Decoding Hebrew opens the gates to a world of skills and deeper connection to Jewish prayer, culture, and tradition.
Now's the time to start thinking about your Hebrew program for the upcoming year. So how to decide which primer is best for your learners?
Here's an overview of our most popular primers:
Best for: Grades 3-4
Students learn Hebrew through a guided virtual tour of Israel. Teaches new letters and vowels from real Hebrew words, with an emphasis on those found in the prayer book. Alef Bet
Posted: May 12, 2021||
Here’s a challenge for Jewish educators: An 8th grade student tells his teacher how he doesn’t feel a connection to prayer, even as he "put forth positive energy" to the practice. The student says he’s searching for a way to break through "the blockade between the heart and God.”
This true heartfelt story highlights what many educators know: that while it's important to study the words and mechanics of the prayer, in many ways it's even more important to guide students toward finding the intention that gives meaning to the prayers.
As educator Batsheva Frankel writes in The Jewish Educator's Companion, "It's difficult to help students relate to the
Posted: April 28, 2021|Categories: Hebrew In Harmony|
Of all the challenges students at Congregation Beth Israel in Houston have faced this year, learning Hebrew has not been one of them.
The school uses Hebrew in Harmony curriculum for grades 3-6, and this year, just as in pre-pandemic times, students learn to read Hebrew with fluency and develop connections the prayers. This year, perhaps even faster.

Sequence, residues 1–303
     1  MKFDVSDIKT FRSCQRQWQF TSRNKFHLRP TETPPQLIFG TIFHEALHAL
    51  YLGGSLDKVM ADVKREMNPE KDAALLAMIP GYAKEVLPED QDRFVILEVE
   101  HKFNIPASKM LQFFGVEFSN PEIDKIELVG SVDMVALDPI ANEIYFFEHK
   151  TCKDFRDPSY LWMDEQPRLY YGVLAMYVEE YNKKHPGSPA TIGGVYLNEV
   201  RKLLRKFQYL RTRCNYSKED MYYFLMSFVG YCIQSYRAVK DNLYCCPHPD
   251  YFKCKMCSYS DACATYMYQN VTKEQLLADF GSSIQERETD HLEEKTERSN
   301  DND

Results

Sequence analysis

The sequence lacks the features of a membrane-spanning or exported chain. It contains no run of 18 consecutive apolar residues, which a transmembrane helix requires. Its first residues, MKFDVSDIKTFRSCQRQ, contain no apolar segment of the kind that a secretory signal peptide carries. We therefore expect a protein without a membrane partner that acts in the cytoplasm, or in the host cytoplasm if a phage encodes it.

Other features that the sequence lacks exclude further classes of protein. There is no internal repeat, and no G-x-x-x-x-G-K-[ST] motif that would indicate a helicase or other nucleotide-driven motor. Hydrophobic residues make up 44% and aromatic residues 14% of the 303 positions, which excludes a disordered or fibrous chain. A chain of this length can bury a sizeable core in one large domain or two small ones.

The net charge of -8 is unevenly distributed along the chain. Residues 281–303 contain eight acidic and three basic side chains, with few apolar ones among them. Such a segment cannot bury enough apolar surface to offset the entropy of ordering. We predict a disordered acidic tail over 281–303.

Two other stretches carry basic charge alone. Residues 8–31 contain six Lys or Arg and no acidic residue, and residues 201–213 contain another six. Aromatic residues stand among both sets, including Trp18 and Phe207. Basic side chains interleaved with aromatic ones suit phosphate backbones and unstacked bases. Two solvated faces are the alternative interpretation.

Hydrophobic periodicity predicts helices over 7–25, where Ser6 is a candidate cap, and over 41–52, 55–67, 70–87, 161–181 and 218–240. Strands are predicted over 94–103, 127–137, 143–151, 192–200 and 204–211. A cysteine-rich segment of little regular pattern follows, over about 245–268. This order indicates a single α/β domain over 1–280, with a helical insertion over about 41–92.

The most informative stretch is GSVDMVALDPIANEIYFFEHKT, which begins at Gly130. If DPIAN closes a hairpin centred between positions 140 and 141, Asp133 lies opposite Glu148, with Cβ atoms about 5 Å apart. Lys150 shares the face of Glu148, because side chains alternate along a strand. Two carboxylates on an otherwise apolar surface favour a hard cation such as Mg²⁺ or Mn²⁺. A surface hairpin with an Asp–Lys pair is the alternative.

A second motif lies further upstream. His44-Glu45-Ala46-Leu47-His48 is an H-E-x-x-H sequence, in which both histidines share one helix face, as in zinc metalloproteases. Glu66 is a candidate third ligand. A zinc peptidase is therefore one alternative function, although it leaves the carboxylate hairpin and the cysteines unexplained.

“Our Hebrew program has excelled this year,” says David Scott, director of lifelong learning. “The year has been tremendous in many ways because of Hebrew in Harmony. The curriculum works really well, and we’ve found that being fully online this year has really opened up even more opportunities for us to create and develop new ways of engaging children online with Hebrew.”
The Hebrew goals of the Miriam Browning Jewish Learning Center of Beth Israel are tefilah-based. Students are grouped by skill level, and they work on mastering reading each pray
Why does Hebrew matter?
"Language is a key to identity and culture, and Hebrew is a key to Jewish identity and Jewish culture. We just have to approach it as such." So writes Jeremy Benstein, the linguist and author of Hebrew Roots, Jewish Routes: A Tribal Language in a Global World.
Engaging with Hebrew is a vehicle to enrich our connection to Judaism and its values. It is a real, living, dynamic language full of energy, Benstein says. You can teach it that way and help students connect with the language in authentic ways - whether or not your school focuses on prayer learning.
Posted: March 17, 2021||
Card games are time-tested sources of fun for both children and adults. They are also full of both social and academic benefits - AND get kids off screens.
When used to supplement learning, card games engage both family members and other students in the learning process, making for a collaborative experience.
Hooked on Hebrew is a new series of card games for practicing Hebrew alphabet and prayers - whether in school or at home or over the summer. Golem program members just received a set this month.
The cards are designed for ages 8 and up, and are also well suited for intergenerational activity. Play up to 15 different games with each deck. (Cards were developed by Strong Learning and are available in three different packs.)
The more fun you're having, the more you practice. And the more you practice, the more